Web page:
Heartbreaking letters written by Taiwanese political prisoners condemned to death and written 60 years ago to their loved ones have only recently been delivered.
The thoughts and words are enough to tear at your soul.
The prisoners were allowed to write one last letter before their executions during Taiwan’s period of political repression known as the White Terror. The New York Times only recently obtained copies of the messages.
In one of them, inmate Huang Wen-gong chose his yet-to-be-born daughter as the intended recipient.
“Before long I will leave this earth. I am trying to stay calm, to talk with you for the first and last time on this paper,” he told the child he would never see.
“I fear you can’t imagine what it’s like, alas. To face this moment and be unable to see you once, to hug you once, to kiss you once … I am heartbroken. My regret is unending.”
During the 38-year White Terror period, Taiwan was subject to martial law under the ruling Chinese Nationalist Party. Anyone who opposed the government were branded as spies and subject to imprisonment and execution.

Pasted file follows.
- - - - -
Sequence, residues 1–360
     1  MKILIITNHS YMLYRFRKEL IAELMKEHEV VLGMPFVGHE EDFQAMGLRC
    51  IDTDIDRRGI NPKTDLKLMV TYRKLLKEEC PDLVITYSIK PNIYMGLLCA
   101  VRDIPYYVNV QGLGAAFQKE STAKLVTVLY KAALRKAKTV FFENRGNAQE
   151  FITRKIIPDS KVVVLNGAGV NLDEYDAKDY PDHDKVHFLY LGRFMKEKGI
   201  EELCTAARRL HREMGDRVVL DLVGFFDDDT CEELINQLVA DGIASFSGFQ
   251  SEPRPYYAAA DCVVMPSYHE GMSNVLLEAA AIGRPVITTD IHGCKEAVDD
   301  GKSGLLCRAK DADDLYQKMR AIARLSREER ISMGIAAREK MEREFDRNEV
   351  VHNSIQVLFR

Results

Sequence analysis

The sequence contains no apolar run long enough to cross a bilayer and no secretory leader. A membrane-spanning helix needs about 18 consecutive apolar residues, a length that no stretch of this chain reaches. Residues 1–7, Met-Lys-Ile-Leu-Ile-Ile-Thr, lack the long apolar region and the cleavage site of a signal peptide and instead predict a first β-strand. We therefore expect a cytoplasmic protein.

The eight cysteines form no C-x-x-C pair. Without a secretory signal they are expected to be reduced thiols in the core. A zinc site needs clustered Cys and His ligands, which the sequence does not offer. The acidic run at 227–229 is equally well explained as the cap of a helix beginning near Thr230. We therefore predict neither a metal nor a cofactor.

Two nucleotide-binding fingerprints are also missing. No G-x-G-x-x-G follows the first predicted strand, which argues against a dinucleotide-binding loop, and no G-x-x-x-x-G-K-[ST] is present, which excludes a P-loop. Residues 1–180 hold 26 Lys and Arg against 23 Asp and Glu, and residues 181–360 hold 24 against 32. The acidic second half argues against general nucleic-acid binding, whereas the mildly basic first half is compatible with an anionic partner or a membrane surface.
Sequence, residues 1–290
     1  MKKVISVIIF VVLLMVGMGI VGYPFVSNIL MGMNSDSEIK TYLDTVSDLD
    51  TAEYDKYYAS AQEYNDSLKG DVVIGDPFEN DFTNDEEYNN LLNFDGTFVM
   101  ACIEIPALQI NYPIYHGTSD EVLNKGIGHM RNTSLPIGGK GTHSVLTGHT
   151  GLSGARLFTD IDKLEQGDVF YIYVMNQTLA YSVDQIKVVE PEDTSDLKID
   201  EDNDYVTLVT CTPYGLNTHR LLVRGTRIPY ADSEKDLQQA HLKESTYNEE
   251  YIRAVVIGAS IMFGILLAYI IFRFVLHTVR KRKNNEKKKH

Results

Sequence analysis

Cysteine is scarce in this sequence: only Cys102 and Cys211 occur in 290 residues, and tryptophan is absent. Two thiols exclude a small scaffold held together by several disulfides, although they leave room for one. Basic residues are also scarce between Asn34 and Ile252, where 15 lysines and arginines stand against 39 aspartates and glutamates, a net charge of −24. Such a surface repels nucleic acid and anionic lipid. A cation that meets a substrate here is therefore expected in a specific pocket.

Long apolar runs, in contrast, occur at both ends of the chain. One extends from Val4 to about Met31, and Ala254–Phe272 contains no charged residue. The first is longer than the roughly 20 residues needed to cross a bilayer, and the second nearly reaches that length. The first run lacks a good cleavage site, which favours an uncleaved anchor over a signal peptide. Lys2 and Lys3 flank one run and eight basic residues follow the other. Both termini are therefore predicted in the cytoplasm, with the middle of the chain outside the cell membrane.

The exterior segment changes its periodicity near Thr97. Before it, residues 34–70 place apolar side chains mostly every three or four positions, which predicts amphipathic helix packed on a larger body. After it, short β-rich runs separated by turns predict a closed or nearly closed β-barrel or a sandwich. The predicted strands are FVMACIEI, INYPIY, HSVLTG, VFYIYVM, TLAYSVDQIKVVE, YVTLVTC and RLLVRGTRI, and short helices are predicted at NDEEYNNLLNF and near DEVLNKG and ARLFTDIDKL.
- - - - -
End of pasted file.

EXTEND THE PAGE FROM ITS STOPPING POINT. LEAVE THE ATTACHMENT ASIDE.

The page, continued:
The New York Post reported:
The letters were meant to be delivered to family members shortly after the executions but took 60 years to arrive.
Most are short and formal but for those who received them they are the only link to the deceased. Some, sadly, never reached their intended audience.
No one even knew that the letters existed until Chang Yi-lung, the granddaughter of Huang Wen-Gong, searched for information about her family at Taiwan’s archive and was handed a stack of documents, including the letter to his unborn daughter, Chang Yi-lung’s mother.
She then campaigned tirelessly to have other messages to loved ones released, the Post reported:
Even after discovering the documents, Ms. Chang’s family had to lobby to have them turned over. The government agreed in 2011 after the Taiwan Association for Truth and Reconciliation started to apply pressure.
The decision helped dozens of families get closure. Cheng Jin-he was among them. He was executed in 1970 and urged his son to reflect but not be bitter.
“On this earth you will never see your father again. This is the saddest thing. No one can avoid the pain of parting forever, but in this sorrow we must control our tears, we must swallow the bitterness and spit it out with laughter,” he wrote.
“No matter whether it brings you joy or distress, you must not forget your mother and father. Now you have an even more important responsibility on your shoulders. In order to love your father you must improve yourself, only then can you comfort your father’s spirit. No matter what you do, you must engage in self-reflection often. This is what your father would have wanted.”
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